Look up! More vehicles have been smashing into overpasses that were too low to limbo, causing millions of dollars in damage and impelling road and bridge closures across the state.
In Michigan, there were 15 "significant high load hits" in 2017 compared with seven in 2015 and in 2016, according to the Michigan Department of Transportation (MDOT).
“The bridges haven’t gotten any lower,” said Jeff Cranson, the agency's director of communications. “My personal theory for the uptick is lack of training and experience.”
It is the responsibility of truck drivers and carriers to know the height of the load they are hauling and to check the heights of bridges along their route, Cranson said.
In Michigan, truckers are required to obtain a permit when materials on the rig exceed a height of 13 feet, 6 inches. MDOT provides a custom route to permit holders that avoids potentially dangerous overpasses.
"Generally, the trucks that are hitting bridges are not carrying permitted loads," said Randy Coplin, assistant commander of the Michigan State Police Commercial Vehicle Enforcement Division. "These are driver responsibility errors occurring."
However, there are multiple factors relating to the statewide problem of bridge strikes, said James Burg, president and CEO of Warren-based James Burg Trucking Co. and a member of several organizations advocating for trucker safety.
Burg said acquiring a permit is excessively complex, as truckers are required to apply for a permit from the states, counties and sometimes municipalities through which they drive.
Permit system a mess
“Getting a permit is not a one-stop shop,” he said. “How are you supposed to know who to call?
“The process could be much easier, which would lead to higher compliance from truckers and a path to safer roadways.”
Properly securing a load can also help prevent bridge strikes, said Burg, whose trucking company boasts a 90-truck fleet.
“There are times when a truck has a boom and it will move up and down,” he said. “If it moves an inch, it stays there, and suddenly the truck height is changed.”
Burg, a member of Michigan State Police’s Motor Carrier Advisory Board, said he has had discussions with the department about incorporating technology on the road that will prevent strikes.
Are lasers the answer?
One idea being considered is placing laser sensors on roadways that will sound an alarm and flash red lights when a vehicle is approaching a bridge that is too low, alerting the at-risk driver to pull over to the shoulder.
Burg also suggested placing additional State Police-run inspection sites in strategic locations.
“We watch what other states are doing and how it is working for them,” he said.
Burg — who is chair of the Technology Committee of H.E.L.P. Inc. and former chairman of the Technology and Engineering Policy Committee of the American Trucking Association — added that although driverless trucks won’t be available for 20 to 25 years, driver-assist technology is being implemented in new trucks, increasing road safety and possibly preventing future bridge strikes.
“You hear a lot of people talking about driverless trucks, but we won’t be seeing those anytime soon — we can’t even properly fix potholes yet,” Burg said. “There are too many factors, such as weather and road conditions, that make it too difficult for (driverless technology) to be safe and effective at the moment.”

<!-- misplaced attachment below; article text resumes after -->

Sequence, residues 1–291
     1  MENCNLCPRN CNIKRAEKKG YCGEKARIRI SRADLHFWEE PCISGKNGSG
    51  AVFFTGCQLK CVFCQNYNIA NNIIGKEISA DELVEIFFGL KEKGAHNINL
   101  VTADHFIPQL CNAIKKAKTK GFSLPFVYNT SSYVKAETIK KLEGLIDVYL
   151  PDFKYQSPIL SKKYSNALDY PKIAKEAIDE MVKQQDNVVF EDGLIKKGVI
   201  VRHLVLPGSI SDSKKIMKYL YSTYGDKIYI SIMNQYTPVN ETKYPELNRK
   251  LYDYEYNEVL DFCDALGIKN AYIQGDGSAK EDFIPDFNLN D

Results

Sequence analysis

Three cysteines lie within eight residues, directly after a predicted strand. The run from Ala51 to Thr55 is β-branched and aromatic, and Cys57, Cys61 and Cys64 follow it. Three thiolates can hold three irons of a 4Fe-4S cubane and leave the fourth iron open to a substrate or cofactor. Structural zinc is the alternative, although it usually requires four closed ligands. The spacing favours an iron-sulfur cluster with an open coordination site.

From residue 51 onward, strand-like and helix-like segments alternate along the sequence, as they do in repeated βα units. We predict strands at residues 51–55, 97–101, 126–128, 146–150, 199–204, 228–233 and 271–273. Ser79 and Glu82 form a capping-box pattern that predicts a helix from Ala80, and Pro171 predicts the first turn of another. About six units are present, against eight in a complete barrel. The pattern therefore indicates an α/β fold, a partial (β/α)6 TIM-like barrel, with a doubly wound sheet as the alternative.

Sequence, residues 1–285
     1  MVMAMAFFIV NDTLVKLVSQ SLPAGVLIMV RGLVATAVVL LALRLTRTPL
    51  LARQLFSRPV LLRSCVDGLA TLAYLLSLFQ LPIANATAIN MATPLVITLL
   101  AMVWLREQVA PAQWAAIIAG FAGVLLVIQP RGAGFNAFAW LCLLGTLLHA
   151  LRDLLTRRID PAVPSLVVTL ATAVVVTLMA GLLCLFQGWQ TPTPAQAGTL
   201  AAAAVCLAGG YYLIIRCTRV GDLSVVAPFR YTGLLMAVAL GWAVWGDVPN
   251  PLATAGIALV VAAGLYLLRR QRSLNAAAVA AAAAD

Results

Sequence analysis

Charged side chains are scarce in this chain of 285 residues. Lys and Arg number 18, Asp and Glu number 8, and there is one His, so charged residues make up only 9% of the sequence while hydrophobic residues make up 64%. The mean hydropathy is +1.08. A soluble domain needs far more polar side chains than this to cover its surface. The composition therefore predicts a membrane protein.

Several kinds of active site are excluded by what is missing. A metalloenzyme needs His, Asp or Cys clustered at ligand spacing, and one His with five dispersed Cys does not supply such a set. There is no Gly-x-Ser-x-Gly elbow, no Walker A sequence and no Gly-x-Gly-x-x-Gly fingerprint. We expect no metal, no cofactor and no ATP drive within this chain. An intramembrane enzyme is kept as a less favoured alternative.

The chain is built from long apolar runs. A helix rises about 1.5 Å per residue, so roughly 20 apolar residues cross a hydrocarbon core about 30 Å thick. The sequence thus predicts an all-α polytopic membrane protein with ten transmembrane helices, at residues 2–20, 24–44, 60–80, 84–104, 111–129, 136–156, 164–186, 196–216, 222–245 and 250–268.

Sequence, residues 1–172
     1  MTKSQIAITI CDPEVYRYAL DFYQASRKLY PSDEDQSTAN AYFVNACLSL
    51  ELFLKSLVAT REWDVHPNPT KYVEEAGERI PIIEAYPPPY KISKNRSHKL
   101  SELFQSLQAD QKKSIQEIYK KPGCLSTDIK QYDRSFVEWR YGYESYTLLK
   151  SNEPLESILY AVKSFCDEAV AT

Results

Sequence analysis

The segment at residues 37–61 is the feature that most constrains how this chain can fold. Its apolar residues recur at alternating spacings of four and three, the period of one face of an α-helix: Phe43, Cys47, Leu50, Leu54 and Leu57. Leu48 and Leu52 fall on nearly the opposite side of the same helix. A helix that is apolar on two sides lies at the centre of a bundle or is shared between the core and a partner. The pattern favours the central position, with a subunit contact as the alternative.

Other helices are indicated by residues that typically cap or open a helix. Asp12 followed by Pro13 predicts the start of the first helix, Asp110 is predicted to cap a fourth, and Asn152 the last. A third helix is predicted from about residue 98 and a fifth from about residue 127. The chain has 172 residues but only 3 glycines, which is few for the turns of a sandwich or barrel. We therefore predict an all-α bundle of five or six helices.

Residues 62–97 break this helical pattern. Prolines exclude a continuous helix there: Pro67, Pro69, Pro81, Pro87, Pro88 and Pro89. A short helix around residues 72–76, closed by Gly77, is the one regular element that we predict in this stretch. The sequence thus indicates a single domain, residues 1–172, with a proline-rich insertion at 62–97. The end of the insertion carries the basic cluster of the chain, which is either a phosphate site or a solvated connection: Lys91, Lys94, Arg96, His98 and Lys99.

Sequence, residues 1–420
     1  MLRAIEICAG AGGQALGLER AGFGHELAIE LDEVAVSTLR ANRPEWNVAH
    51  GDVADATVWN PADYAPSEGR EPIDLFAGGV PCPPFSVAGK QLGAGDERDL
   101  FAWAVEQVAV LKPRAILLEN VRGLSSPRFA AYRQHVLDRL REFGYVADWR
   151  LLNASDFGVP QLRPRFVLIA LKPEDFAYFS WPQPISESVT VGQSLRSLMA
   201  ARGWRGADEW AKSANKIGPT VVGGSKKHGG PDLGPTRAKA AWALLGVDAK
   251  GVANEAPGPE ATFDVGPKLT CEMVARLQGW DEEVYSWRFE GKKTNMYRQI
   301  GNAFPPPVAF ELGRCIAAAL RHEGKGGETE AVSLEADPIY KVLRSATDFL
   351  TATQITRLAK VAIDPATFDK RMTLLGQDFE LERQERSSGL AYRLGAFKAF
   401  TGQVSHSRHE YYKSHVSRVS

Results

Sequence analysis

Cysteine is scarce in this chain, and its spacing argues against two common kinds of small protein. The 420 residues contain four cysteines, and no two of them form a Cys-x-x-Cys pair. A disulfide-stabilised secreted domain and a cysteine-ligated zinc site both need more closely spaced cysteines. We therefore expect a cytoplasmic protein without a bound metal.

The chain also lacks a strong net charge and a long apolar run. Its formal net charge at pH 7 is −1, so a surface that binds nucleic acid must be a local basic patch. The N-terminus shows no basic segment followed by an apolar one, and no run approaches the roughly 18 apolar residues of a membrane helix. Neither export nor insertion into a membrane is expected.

Moreover, inexperienced drivers and companies that don’t specialize in trucking but still haul large equipment — such as construction firms — are a cause for many high load hits, Burg added.
“Trucking companies asses risk everyday — that is the primary part of the job,” Burg said. “Firms specializing in trucking take precautions that other companies (on the road) might not.”
Subsequent to a bridge strike, the attorney's general office works with the at-fault company’s insurance agency to determine damage costs. At-fault drivers are often issued a citation that runs a few hundred dollars, Burg said.
“It’s a laborious legal process,” said Cranson.
MDOT initiates an “intensive inspection” ensuring the integrity of a bridge after it has been hit, Cranson said.
“There are times when a bridge needs to be demolished after being struck,” he added.
The 100th Street Bridge in Byron, Mich., has been hit over 10 times in the past two years.
MDOT is shaving a few inches from the road under the bridge this fall as a temporary solution and will be replacing the bridge in the next couple years, Cranson said.
“This week is National Truck Driver Appreciation Week,” Burg said. It’s an industry that employs more than 7 million Americans and is the reason grocery stores across the nation are stocked and people are able to get their stuff from Amazon delivered to their front door.
“It’s so important that we keep everyone in service and on the roadways safe.”
Some notable high load hits from 2018 include:
- A tractor-trailer that crashed into the Nevada Avenue overpass on I-75, according to MDOT.
- A tractor-trailer that tipped under an overpass on I-94 near Warren Avenue in Detroit.
- In Canton, a tractor-trailer traveling on I-275 smashed into the Cherry Hill Road overpass.
Contact Omar Abdel-Baqui: 313-222-2514 or firstname.lastname@example.org. Follow him on Twitter @omarabdelb
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